astron(jds, objects [, object0,
elements=elements] [, /xyz, /equatorial, /ecliptical,
/horizontal, /elongation, /date, /tdt, /lighttime, /aberration,
/nutation, /apparent, /qelements, /fk5, /conjspread, /planetocentric,
/keepdimensions, /vocal, /vsop87a, /vsop87c])
Returns the positions of a set of heavenly bodies at a specific set of times. Unless the user specifies otherwise, the times are taken to be in UT, light-time, nutation, and aberration effects are not included, the observer is assumed to be at the center of the Earth, and ecliptical coordinates (longitude and latitude in degrees, distance in AU) for equinox J2000.0 are returned, referred to the VSOP dynamical ecliptic and equinox. The data for the major planets and the Sun are derived from the VSOP87C or (by default) VSOP87A models of Bretagnon and Francou (Astronomy and Astrophysics, Vol. 202, pp. 309-315, 1988), optionally truncated as by Meeus (Astronomical Algorithms, Willmann-Bell Inc., 1991, ISBN 0-943396-35-2).
Julian dates for which results are desired. (calendar)
scalar or array of numbers of objects for which info is to be returned. Currently supported: 0 for the Sun, 1 for Mercury, 2 for Venus, 3 for the Earth, 4 for Mars, 5 for Jupiter, 6 for Saturn, 7 for Uranus, 8 for Neptune, 10 for the Moon. If object numbers not listed here are specified, then orbital data is sought in an auxilliary file, as discussed below.
number of the object relative to which the other coordinates are requested, if any.
[North latitude/degrees, West longitude/degrees, height/m] of the observer. If none is specified, then the observer is assumed to reside at the center of the planet.
The year of the equinox relative to which the results are returned. If a scalar, then the unit is Julian years, with (J) 2000.0 equivalent to JDE 2451545.0. If a string, then the first character must be either a j or J (indicating Julian years), or a b or B (indicating Besselian years). The equinox of the date can be requested through the /date keyword.
A nine-element array containing orbital elements for the target object.
The elements are, if
/qelements is also specified: the equinox,
the epoch, the perihelion distance, the eccentricity, the inclination,
the longitude of the ascending node, the argument of the perihelion, the
time of the perihelion, and the absolute magnitude. If
/qelements is not specified, then the length of the semimajor
axis replaces the perihelion distance and the mean anomaly at the epoch
replaces the time of perihelion. The times are in JDE, the angles in
degrees, the distances in AU.
selects the equinox of the date.
selects return of x y z coordinates in AU. If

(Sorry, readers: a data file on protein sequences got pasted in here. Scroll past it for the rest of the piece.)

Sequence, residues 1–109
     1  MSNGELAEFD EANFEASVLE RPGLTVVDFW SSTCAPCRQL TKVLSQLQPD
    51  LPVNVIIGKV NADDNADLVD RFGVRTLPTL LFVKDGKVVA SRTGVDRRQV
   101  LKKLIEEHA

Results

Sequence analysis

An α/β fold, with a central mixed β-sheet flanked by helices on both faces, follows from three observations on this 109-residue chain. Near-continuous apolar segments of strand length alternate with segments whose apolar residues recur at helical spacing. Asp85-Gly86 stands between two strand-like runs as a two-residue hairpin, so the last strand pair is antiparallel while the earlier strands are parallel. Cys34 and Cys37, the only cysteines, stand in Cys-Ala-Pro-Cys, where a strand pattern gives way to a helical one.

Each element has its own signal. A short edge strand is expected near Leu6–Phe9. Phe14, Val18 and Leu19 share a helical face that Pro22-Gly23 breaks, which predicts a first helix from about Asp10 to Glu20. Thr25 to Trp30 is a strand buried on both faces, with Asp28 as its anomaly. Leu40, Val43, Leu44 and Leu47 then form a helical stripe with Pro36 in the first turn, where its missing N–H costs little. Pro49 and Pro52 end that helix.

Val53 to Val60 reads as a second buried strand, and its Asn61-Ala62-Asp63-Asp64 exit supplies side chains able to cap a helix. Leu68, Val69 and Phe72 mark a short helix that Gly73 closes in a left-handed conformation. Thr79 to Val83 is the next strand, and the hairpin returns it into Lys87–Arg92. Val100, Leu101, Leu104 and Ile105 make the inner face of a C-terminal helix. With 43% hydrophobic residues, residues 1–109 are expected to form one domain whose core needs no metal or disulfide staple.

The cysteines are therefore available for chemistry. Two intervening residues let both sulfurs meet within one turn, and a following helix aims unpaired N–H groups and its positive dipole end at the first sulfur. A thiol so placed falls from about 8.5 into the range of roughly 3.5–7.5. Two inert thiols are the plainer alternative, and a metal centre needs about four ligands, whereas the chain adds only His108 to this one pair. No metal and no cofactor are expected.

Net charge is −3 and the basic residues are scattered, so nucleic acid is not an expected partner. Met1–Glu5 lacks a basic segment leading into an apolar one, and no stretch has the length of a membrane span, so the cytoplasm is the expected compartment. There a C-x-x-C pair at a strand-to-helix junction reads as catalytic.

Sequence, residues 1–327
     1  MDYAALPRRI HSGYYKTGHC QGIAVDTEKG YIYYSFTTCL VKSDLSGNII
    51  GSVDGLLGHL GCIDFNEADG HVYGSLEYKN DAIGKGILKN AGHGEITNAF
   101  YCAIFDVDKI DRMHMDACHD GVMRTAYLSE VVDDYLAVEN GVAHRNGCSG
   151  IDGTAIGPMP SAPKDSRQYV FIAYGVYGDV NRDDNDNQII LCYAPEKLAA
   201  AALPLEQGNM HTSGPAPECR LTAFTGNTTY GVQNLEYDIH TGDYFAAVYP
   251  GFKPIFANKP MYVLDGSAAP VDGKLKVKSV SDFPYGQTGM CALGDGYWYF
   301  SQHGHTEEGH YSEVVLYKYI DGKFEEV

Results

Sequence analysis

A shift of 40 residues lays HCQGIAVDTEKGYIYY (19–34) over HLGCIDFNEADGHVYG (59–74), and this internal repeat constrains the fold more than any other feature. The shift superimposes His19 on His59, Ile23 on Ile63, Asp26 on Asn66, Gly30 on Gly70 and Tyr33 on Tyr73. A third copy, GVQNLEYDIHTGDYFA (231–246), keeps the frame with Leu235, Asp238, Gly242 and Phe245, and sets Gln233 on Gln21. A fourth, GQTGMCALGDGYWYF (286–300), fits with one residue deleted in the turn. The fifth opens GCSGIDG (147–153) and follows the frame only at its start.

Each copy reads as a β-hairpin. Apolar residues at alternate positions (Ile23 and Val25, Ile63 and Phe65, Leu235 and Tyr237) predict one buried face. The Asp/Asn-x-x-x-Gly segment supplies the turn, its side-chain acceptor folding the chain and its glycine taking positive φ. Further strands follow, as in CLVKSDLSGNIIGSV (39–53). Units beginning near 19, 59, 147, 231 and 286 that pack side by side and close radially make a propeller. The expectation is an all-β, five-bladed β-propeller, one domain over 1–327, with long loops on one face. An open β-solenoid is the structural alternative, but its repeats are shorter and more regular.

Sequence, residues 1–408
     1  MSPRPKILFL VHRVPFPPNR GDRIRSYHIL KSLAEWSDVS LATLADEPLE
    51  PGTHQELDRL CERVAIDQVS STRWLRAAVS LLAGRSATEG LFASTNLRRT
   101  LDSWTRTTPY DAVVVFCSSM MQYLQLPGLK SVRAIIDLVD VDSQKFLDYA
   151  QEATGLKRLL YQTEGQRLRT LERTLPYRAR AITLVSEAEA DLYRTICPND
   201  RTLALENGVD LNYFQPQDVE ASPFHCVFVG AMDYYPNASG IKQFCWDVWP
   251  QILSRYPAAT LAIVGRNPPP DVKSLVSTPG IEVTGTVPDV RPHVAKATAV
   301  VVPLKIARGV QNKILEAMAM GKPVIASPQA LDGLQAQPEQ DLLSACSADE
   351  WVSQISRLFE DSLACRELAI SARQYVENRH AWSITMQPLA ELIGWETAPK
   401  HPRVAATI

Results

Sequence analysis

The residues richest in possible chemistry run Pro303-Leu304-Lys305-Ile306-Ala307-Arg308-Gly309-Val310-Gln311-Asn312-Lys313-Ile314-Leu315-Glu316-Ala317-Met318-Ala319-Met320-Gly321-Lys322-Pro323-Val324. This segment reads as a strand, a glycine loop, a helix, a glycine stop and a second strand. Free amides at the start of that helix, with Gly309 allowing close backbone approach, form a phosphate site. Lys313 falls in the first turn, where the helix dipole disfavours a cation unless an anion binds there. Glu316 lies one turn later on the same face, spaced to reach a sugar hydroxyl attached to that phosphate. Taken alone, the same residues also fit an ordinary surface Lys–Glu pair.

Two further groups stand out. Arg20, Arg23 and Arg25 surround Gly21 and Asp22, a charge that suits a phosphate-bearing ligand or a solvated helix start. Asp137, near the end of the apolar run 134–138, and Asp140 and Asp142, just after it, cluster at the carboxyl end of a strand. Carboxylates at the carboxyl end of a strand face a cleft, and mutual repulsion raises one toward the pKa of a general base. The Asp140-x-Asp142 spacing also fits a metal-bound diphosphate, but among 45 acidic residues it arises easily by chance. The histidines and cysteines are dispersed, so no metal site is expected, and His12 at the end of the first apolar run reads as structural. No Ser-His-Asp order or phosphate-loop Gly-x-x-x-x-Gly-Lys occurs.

/xyz is not
specified, then polar coordinates are returned (right
ascension/longitude in degrees, declination/latitude in degrees, and
distance in AU).
return equatorial coordinates (based on the celestial equator).
return ecliptical coordinates (based on the ecliptic).
return azimuth (West from South) and height (in degrees), and distance (in AU).
return elongation (angular distance to Sun) in degrees, phase angle (angular distance of observer to Sun as seen from target object) in degrees, and estimated visual magnitude (which may be wildly off for geometries unlike those seen from Earth).
selects dates in TDT (terrestrial dynamical time) rather than UT. The difference between TDT (a time based on planetary motion) and UT (a time based on the Earth’s rotation) varies slowly with time. LUX uses a quadratic fit to past estimates of the difference to calculate an estimated difference for the times you specify. All the planetary calculations are performed in TDT.
selects inclusion of light-time effects: the returned coordinates say
where the target object was at the time when light left it to reach
the observer at time
selects inclusion of aberration effects.
selects inclusion of nutation effects.
selects return of apparent positions, including the effects of light-time, aberration, and nutation.
elements is specified in terms of the
perihelion (i.e., comet-style) rather than the semimajor axis (i.e.,
returns coordinates relative to the FK5 system. If
specified, then the coordinates are referred to the mean dynamical
ecliptic defined by the VSOP system.
return the average position (ecliptical longitude and latitude) and the the conjunction spread of all indicated objects, measured in degrees. The conjunction spread is a measure for how close together all indicated objects are in the sky. For two close objects, the conjunction spread is practically equal to their mutual distance. For many objects on a great circle (e.g., planets on the ecliptic), the conjunction spread is equal to twice the standard deviation of their positions along the great circle.
returns dimensions for the number of objects and number of dates even if these are equal to 1.
makes the routine print intermediate results.
selects the VSOP87A model (cartesian heliocentric coordinates for J2000.0) to base the results on.
selects the VSOP87C model (cartesian heliocentric coordinates for the equinox of the date) to base the results on.
If objects not listed above are indicated in
object0, then data for such objects are sought in
auxilliary files. Such files can be read using the
routine. If no such files have yet been read when needed, then file
$LUXDIR/orbits is attempted.
If the requested time falls outside of the time period spanned by the data lines for the indicated object, then the orbital parameters closest in time to the desired time are used. Otherwise, linear interpolation between the two orbits that are closest in time on either side to the desired time is performed.
See also: calendar, readorbits, Astronomy and Calendars